Breaking Barriers: Making Listed Sites More Accessible
Owning and managing an historic site comes with a lot of responsibility. While there may be a desire to make sites accessible, the process can sometimes appear overwhelming.
We spoke to Historic England’s Jane Sidell about why it is important to list and adapt these historically significant sites, and how to go about making them more inclusive and accessible.
On this page you can:
Tell us what your role involves?
"My role is Inspector of Ancient Monuments, and my brief is relatively simple: to protect our scheduled monuments and ensure they are passed on in good condition.
A key part of this work is ensuring we’re interpreting these sites, so that people can learn about them and discover the lives and construction methods of past societies."
Why is it important to protect listed buildings and scheduled monuments?
"Historic sites are often rare and beautiful survivals of a past way of life. They highlight how we have transformed as societies, though not always for the better.
The sites offer testimony to different belief systems and cultures. Protecting them enriches our own lives and gives us a broader view of humanity. Understanding the enormous time-depth involved (hundreds, thousands or even tens of thousands of years) also provides us with a sense of stability and endurance, which is becoming increasingly valuable!"
Why do people have to get permission to make buildings accessible?
"The permission process gives people the opportunity to weigh up accessibility proposals against the impact upon a historic building.
By seeking permission, it ensures that an accessibility proposal is carefully designed to take nothing away from the significance of a building. It also allows the discussion and proposal of alternative approaches, which may have less impact and better protect what is special about a site."
Why should people make changes to their building or site to make it more accessible?
"Whether physically or intellectually, historic sites should be accessible. This way, everyone can understand their history and their place in a neighbourhood or community.
Sites were rarely built with this in mind. The topography has often evolved since construction, making accessibility trickier. Some places were specifically designed to be difficult to access (such as castles, which were defensive and designed to keep people out!).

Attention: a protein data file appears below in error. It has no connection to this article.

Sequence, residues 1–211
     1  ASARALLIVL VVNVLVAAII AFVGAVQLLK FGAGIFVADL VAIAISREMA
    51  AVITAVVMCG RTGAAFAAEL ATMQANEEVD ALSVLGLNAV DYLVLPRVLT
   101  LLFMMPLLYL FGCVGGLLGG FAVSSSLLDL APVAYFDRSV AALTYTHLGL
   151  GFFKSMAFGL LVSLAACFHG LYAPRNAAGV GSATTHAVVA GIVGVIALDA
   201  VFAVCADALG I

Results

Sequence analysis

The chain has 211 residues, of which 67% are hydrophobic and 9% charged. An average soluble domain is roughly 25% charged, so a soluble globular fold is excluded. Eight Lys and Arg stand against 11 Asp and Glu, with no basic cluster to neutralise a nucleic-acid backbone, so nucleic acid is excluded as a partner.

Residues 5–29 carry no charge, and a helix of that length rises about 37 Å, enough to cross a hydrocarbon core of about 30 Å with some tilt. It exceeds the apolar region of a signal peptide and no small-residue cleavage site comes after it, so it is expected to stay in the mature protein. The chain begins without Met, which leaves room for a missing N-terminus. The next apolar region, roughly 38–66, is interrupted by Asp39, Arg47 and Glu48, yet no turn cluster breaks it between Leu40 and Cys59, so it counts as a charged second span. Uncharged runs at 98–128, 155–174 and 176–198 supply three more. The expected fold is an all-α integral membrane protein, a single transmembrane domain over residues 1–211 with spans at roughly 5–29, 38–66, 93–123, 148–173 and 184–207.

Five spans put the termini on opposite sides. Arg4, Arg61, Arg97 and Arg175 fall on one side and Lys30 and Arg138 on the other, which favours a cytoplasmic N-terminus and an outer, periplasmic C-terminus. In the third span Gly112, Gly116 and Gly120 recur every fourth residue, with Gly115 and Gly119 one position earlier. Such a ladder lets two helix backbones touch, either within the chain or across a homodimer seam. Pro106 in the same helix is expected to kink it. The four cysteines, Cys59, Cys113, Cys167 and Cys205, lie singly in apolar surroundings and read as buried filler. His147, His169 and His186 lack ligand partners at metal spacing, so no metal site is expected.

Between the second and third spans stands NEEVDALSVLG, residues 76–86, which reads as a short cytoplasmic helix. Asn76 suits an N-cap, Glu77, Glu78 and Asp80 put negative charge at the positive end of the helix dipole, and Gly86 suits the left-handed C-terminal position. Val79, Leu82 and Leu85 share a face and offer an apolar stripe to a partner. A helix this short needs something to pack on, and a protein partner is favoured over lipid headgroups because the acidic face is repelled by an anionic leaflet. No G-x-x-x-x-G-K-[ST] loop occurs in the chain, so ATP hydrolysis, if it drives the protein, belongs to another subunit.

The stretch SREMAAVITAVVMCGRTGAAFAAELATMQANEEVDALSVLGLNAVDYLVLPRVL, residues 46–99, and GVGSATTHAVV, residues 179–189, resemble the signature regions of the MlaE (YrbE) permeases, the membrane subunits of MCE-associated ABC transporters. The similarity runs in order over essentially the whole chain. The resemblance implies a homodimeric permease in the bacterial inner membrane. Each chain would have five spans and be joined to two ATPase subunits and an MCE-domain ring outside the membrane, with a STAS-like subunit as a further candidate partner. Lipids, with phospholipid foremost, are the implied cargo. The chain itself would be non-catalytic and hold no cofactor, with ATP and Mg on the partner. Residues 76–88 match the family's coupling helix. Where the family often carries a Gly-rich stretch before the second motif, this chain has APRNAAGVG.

Adaptations are often required to provide access to everyone. It could be as simple as providing more information. It could also involve more intrusive changes to the site, such as installing ramps and lifts. The latter need careful planning to ensure they balance improving access with protecting a site’s historical significance."
How should people start the process of making a building or site more accessible?
"The key to change is first understanding the need. What type of accessibility is needed?
This must be balanced against the significance of the historic site and what is most important about it. What needs preserving?
An audit is a great place to start, along with a thorough understanding of the history of the site. There are lots of available resources to help with this."
Who should people talk to if they need advice?
"Both Historic England and the local council should be able to help in the first instance.
Different permissions are needed depending on the type of historic site. People can speak with their local authority conservation team to check about their specific circumstances. For inspiration and ideas, people can also look online for case studies of how historic sites have been made more accessible. Where possible, consulting with conservation architects or surveyors can be a great source of inspiration and help."
Does the adaptation process cost a lot?
"Some things are of course expensive, but small accessibility adaptations need not be.
It may be as simple as hanging existing doors differently, or changing visitor routes around a site where level access is easier. It could also involve putting accessibility information about a site on the internet to provide intellectual access, or displaying information in different ways."
Additional resources and guidance
Easy Access to Historic BuildingsPublished 5 June 2015
These guidelines focus on physical access issues because these often pose the greatest challenges as well as opportunities for historic buildings.
Easy Access to Historic LandscapesPublished 5 June 2015
The aim of this guide is to help property owners and managers provide easier access for all their visitors, whatever their age or level of ability. It will also be of value to designers, planners, and others working to open up historic sites to a wider audience.
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